The Princess in the Opal Mask concludes with Princess Wilha choosing to give up her identity to her twin sister, Elara, who never got to experience the pleasures of royal life. In her final letter to Elara, Wilha claimed that she was going to "disappear" to give Elara the freedom and space she needed to be a true princess. This was a bit frustrating as a reader because Wilha had already built a new life for herself as a peasant and found a new family among the residents of a small village. It seemed like a shame for her to give all of that up when she worked so hard for it. In The Opal Crown, we learn that she did not stay true to her word to "disappear" and continues her position as a seamstress among her new friends at the inn. That is all well and good, but it causes problems for Elara, who married a prince under false pretenses and must wear Wilha's confining opal mask so that no one will notice she has a lookalike in town. It seems like an impossible situation. Anything that benefits one princess will harm the other.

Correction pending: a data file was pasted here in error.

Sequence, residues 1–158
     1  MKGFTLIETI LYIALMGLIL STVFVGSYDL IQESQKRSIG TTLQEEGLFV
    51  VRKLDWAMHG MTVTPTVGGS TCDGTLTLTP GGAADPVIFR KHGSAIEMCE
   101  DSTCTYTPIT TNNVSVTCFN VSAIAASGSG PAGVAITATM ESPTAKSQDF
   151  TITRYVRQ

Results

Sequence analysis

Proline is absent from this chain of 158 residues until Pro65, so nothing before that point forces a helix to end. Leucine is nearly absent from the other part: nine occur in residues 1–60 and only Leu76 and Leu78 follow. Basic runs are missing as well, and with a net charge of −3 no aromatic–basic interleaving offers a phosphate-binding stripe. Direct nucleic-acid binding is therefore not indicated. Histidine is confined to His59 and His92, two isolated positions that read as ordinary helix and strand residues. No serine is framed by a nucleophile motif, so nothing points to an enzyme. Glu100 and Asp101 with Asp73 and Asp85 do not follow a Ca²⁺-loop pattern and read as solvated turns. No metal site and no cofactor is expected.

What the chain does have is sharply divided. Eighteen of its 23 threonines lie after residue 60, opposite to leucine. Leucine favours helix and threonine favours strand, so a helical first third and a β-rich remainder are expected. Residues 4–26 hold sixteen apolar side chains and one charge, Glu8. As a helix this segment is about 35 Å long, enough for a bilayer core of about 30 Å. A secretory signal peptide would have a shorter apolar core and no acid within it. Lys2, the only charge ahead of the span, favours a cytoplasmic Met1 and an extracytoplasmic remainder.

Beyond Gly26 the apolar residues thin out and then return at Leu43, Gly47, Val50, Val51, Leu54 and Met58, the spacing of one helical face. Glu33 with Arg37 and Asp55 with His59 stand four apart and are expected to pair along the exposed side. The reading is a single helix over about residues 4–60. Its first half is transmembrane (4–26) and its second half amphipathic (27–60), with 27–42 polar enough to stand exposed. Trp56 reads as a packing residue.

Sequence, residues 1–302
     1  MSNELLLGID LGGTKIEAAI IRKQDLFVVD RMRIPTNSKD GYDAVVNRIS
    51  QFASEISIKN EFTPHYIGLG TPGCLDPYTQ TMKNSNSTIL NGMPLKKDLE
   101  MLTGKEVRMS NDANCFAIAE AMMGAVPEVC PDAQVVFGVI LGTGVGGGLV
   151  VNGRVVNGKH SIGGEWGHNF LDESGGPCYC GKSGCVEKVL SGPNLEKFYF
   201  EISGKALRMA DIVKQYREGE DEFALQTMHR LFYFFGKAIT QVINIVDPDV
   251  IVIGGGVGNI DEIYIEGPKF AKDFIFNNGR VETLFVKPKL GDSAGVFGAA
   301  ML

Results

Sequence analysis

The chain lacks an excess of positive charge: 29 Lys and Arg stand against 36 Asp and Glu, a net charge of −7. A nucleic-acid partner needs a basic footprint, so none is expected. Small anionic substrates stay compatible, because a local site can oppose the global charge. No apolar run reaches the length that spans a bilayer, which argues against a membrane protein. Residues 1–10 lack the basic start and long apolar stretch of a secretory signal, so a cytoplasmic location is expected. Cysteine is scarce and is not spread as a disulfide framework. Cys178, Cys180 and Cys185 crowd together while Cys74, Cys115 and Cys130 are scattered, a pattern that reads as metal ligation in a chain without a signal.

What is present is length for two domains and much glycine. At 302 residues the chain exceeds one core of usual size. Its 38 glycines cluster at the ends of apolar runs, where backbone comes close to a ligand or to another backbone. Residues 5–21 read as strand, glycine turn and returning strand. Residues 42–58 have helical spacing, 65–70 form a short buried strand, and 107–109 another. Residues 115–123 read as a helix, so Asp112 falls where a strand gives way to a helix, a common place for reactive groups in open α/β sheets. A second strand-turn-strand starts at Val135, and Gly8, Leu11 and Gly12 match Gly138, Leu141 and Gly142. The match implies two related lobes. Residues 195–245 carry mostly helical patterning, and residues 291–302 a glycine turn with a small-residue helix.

The twins' new lives are interrupted early on when they are summoned back to their home kingdom by their brother, Andrei, who has been crowned king after the passing of their father. This creates a series of political schemes among the small handful of lords who are aware of the princesses' identities. Elara is taken into hiding, where one lord grooms her for a coup to steal the crown from her brother, while Wilha is brought to the castle where she must face the lord who attempted to murder her in the first book. Both princesses must find ways to communicate with each other to untangle the political schemes they are wrapped up in while trying to hide their connection from the wicked lord and the general public. In the process. Elara learns that she has a dark side that thirsts for power that she must learn to control, and Wilha realizes that she could do more good with the crown than she initially thought. They also attempt to speak to Andrei in secret to find out whether or not he is on their side and argue over how much of a role he plays in the kingdom's politics now that he is king.